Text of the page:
5. advise participants to properly wash their gym wear with using sanitising agents after each use;

6. advise participants/ members always to sneeze/ cough into tissues;

7. gym matts, machines and equipment should be wiped down with appropriate cleaning fluids after each use (see World Health Organisation advice);

Please inform IMMAF if a member of your team or gym has had the virus or been in contact with it.

Thank you for your cooperation,

Densign White

China’s Martial Arts Machine Will Continue Producing Elite Women in MMA, Federation Official Explains

The presence of Chinese talent within the ranks of the Ultimate Fighting Championship (UFC) has witnessed significant evolution in the past decade. Nine years have passed since Tiequan Zhang emerged as a pioneer to global MMA audiences, joining the UFC roster as the organisation’s first Chinese-born contender.

In 2020 the UFC is home to around a dozen Chinese athletes with the vanguard including the likes of 22-year-old bantamweight star Song Yadong, currently 5-0 in the world’s leading professional MMA organisation (15-4 overall). Meanwhile, with nine UFC wins and an incredible five bonus awards, 31-year-old Li Jingliang solidified perennial prominence competing in the welterweight division.

While Jingliang had once been earmarked as the face of China’s emergence at the elite pro level of MMA, it has been the nation’s female talent who have secured some of the most stunning triumphs, such as Yan Xiaonan continuing her unblemished UFC tenure in February with a three round dissection of former strawweight title contender Karolina Kowalkiewicz.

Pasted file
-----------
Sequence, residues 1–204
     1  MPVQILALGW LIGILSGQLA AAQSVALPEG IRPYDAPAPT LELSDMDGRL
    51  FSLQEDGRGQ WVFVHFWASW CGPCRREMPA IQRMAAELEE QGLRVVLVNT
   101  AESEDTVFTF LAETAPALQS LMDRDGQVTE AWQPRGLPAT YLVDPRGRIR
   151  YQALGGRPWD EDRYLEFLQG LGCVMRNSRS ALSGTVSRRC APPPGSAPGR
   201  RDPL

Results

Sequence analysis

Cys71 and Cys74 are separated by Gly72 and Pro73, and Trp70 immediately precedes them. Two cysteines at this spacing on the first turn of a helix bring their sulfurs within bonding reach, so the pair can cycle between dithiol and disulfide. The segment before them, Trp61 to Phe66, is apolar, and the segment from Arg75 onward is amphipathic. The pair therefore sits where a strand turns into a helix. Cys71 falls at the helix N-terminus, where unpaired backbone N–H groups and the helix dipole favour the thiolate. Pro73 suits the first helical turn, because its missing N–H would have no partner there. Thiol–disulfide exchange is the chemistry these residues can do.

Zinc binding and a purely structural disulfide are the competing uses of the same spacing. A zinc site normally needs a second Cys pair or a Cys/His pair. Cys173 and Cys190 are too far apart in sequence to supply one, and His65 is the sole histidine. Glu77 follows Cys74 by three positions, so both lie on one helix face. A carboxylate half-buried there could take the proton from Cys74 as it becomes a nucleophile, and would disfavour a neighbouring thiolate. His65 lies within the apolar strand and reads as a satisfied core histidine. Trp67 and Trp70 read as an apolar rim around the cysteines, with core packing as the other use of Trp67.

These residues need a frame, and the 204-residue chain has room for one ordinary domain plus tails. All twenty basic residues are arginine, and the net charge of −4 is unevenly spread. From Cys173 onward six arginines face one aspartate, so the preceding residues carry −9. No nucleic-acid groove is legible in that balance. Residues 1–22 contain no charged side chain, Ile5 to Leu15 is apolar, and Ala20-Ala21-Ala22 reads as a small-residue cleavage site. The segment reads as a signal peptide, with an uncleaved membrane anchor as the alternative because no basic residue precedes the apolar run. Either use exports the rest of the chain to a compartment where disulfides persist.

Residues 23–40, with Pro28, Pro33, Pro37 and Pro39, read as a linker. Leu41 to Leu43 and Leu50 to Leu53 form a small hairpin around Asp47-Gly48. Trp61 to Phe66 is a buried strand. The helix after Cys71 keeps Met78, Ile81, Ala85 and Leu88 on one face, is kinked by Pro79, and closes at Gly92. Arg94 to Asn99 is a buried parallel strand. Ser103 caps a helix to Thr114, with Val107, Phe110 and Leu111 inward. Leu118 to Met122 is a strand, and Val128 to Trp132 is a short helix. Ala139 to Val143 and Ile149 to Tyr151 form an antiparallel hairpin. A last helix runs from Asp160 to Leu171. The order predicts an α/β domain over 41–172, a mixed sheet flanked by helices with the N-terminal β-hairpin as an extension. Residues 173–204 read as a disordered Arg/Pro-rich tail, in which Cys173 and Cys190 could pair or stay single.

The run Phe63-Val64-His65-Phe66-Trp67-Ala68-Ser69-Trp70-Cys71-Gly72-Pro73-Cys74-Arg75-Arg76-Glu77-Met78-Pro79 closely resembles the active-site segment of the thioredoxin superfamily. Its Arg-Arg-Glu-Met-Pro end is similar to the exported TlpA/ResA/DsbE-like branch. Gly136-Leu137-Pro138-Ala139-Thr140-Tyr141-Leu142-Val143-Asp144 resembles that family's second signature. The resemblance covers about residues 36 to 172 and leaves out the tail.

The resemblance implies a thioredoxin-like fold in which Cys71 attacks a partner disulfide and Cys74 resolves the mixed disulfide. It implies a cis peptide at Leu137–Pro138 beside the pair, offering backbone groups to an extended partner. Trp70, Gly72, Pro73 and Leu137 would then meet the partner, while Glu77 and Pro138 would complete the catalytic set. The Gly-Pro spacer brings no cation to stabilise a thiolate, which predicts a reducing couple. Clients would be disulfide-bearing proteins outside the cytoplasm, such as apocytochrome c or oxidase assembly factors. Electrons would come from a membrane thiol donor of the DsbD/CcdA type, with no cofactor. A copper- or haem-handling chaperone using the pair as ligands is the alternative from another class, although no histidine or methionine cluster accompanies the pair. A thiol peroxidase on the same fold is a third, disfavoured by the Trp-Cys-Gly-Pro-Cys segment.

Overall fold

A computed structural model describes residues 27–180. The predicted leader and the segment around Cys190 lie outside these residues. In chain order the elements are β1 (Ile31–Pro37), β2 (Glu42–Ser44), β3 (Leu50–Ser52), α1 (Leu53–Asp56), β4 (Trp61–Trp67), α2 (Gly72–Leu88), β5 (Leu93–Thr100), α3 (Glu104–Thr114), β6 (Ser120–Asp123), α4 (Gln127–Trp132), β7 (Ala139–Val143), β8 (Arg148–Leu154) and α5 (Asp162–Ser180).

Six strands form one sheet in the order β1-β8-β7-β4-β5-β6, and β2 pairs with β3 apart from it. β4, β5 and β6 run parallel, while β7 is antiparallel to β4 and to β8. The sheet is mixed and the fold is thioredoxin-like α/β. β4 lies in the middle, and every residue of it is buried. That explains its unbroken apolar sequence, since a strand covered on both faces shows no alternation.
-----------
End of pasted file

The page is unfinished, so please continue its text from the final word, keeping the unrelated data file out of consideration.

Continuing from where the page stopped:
Most impressively, 30-year-old sensation Weili Zhang reigns as the current UFC strawweight world champion and most recently defended the crown in a likely ‘fight-of-the-year’ against iconic former champion Joanna Jędrzejczyk. Zhang blazed a trail and shattered the glass ceiling for Chinese athletes in the UFC and will forever be the one to have shone a spotlight on the pathway for a gargantuan collective of unique national potential.

As just two athletes, the impact of Zhang and Xiaonan is small scale in terms of a Chinese takeover at the elite level, yet their sudden dominance upon arrival is certainly rousing. Will China’s female talent continue to overrun the women’s divisions? To bring such opportunity to fruition, the UFC unveiled its Shanghai based Performance Institute in 2019, tasked with developing high level professionals from across the country. Meanwhile, on the amateur scene Chinese athletes have made an impact at the premier level, most notably through women’s bantamweight prospect Guangmei Han (pictured). Han who won gold for the Chinese national team at the 2019 IMMAF World Championships and has since been taken on board at Shanghai’s UFC P.I.

Asian Open champion Guangmei Han defeated Ireland’s Shauna Bannon in the bantamweight final of the 2019 IMMAF World Championships.

Before reaching the sport’s upper tier, how is China’s female talent currently cultivated and on what scale is it happening? With China’s legendary and storied martial arts heritage commonly associated with men, what part does national culture play in producing generations of MMA athletes and could similarities be to drawn with the success of Russian males fighting out of the Dagestan region, renown for its wrestling and MMA exports?

To discuss the possible factors, spoke with Joe Qiaobo, General Consultant and National Team Leader for the MMA Department of the Chinese Boxing Federation, the nation’s government affiliated member to IMMAF. Joe had recently shared the below video that gave a brief insight into the scale and intensity of Chinese girls and women practicing martial arts from a young age.

“These girls are around 15-18 years old,” Joe explained. “They are doing Sanda, which is a Chinese style combat sport allowing punching, kicking and throws. This kind of large group is common in China, what you see in the video doesn’t really show the whole training hall, the whole place is at least 8 times larger than what you see in the video and full of young athletes. Chinese style Sanda has formed the fighting style for most of the Chinese [MMA] fighters which is with strong standup skills with solid takedown defense.”